Hays was overcast with low ceilings because of the warm front so we decided to divert to Hutchinson for our first stop, which was clear and sunny. The afternoon sun heated the ground up, creating thermals and the instability needed for afternoon thunderstorms, but also the first bumps of turbulence. My stomach started to become a little unsettled on the flight out to Hutchinson, but it wasn’t bad and I figured I’d be fine once I got out of the plane, walked around, and got some air.
We landed and fueled up in Hutchinson, still under sunny skies but surface winds were pretty gusty making it not an ideal day for a joy ride flight. We had stopped at this airport last year on May 25 and the office had some free cookies. I was hoping for the same this time, to have something to put into my churning stomach, but alas no cookies. I got some water and felt much better, however. After a doing a quick data check while the plane was being fueled, we could see that storms were imminent or starting to initiate just southwest of our initial Hays target. We decided to fly up to and land at the airport in Hays and wait for the storm to mature, instead of wasting gas flying around like we did last year.
Still sunny yet gusty, we took off from Hutchinson heading northwest, Caleb at the controls in the left seat, and me in the right seat with the laptop on my lap. There was little room in the plane to setup monopods between the seats or suction mounts like we had wanted. Caleb and I were almost shoulder to shoulder in the smaller 172 and we decided that we were just going to handhold our cameras for this chase. The laptop wound up getting in the way too. Sitting in the front seat, instead of the back seat like I did last year, I couldn’t easily reach the controls if I needed to with the cumbersome laptop in the way. I needed to plug my USB datacard into the left port, and Caleb would bump it with his right arm when he moved back a bit, which would cause our data to momentarily go out. It was not a good setup. I briefly tried putting the laptop on the back seat and using it over my shoulder, but it was too difficult and awkward to see it from that angle, and turning around in the bobbing plane only made my belly churn more.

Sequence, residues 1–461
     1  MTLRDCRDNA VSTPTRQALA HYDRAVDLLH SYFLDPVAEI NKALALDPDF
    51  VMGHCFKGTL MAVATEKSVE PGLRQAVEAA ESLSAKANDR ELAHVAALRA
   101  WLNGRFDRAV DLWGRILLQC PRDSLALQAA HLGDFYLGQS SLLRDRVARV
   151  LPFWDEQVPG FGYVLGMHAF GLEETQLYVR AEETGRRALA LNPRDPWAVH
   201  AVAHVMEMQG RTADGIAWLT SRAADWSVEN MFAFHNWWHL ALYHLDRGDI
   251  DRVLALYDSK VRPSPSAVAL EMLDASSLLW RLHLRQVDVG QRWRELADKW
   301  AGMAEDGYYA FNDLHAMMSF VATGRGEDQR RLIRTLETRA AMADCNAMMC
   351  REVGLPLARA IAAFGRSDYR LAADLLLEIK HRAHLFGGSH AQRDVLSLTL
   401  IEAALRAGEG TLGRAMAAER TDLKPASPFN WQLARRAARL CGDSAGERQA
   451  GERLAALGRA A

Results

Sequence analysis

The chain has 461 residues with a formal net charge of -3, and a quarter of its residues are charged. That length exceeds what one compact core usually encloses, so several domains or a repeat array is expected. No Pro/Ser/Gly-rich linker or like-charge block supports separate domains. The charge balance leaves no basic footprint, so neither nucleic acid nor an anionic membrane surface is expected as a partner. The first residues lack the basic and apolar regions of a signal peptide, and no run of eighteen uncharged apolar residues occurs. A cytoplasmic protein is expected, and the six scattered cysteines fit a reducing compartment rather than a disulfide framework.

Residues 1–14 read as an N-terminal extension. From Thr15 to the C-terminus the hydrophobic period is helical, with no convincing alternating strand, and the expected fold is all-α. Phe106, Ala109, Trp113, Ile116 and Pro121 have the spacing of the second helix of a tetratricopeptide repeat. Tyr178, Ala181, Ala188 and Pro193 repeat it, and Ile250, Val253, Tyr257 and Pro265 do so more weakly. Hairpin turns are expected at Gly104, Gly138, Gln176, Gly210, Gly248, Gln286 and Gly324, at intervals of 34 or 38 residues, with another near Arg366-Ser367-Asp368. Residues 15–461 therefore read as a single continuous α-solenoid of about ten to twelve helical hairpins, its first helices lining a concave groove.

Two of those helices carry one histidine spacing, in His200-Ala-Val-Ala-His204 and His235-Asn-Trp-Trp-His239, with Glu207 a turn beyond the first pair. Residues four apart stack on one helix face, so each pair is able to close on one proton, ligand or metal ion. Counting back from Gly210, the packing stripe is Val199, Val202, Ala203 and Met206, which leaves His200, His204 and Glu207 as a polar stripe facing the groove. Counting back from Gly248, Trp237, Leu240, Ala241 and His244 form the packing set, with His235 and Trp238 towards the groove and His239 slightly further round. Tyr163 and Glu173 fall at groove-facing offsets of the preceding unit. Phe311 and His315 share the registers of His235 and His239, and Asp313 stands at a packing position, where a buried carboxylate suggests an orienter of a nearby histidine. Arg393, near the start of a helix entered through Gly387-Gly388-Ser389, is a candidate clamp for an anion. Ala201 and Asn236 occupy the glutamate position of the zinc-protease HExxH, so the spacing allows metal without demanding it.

We flew over a feed lot a couple thousand feet above the ground. At that altitude, the smell of hundreds of animals living in close proximity wasn’t any better than it is driving past in the car. We opened the windows to get some air in the plane as it was also becoming a very hot afternoon. The plane continued to bounce in the sunny afternoon thermals, and the heat and smells were not helping my queasy stomach. On the second leg of the flight I felt quite a bit worse than on the first, and was belching ginger. I had taken too much and it was having a negative effect on my stomach rather than a positive one like it should have. Still, I figured I could recover again when we landed in Hays, and then we would be in chase mode and I’d forget about being sick.
On the way to Hays, we passed by our developing storms, a collection of several updrafts that hadn’t yet consolidated. Visibility was extremely poor and we had no view of any structure, just a dark grey sky to the west. We decided against getting any closer for a better view and continued on to Hays to wait for the storm to mature. We landed without issue. The anvil of the developing storm was already stretching overhead with some mammatus.
I shot a few pictures while Caleb checked the oil and got us some fuel.
We sat in the plane ready to go, but waiting until a tornado seemed imminent. The storm took on a nice pendent shaped, developed a hook echo, and was tornado warned. I wanted to immediately tear down the runway and get back on the storm, but Caleb wanted to wait just a bit longer to make sure the storm was ready. Just a few miles to our southwest we’d have a view of the base almost immediately after taking off. We both decided to go for it, Caleb did an engine run up, and we were rolling down the runway.
My stomach did not recover nearly as much as it did after our first stop, and the bumpy air hit me hard as soon as we took off, making me more and more sick. We gained some altitude and the storm came into view… sort of. The visibility was somewhere between three and five miles due to the moisture rich boundary layer airmass. While this is not a problem on the ground, in the air where you are moving at faster speeds and looking at things farther away, that kind of visibility is like driving down the highway on a really foggy day. You can see just ahead of where you are going, but hope there is nothing out of ahead you in the road that you might crash into.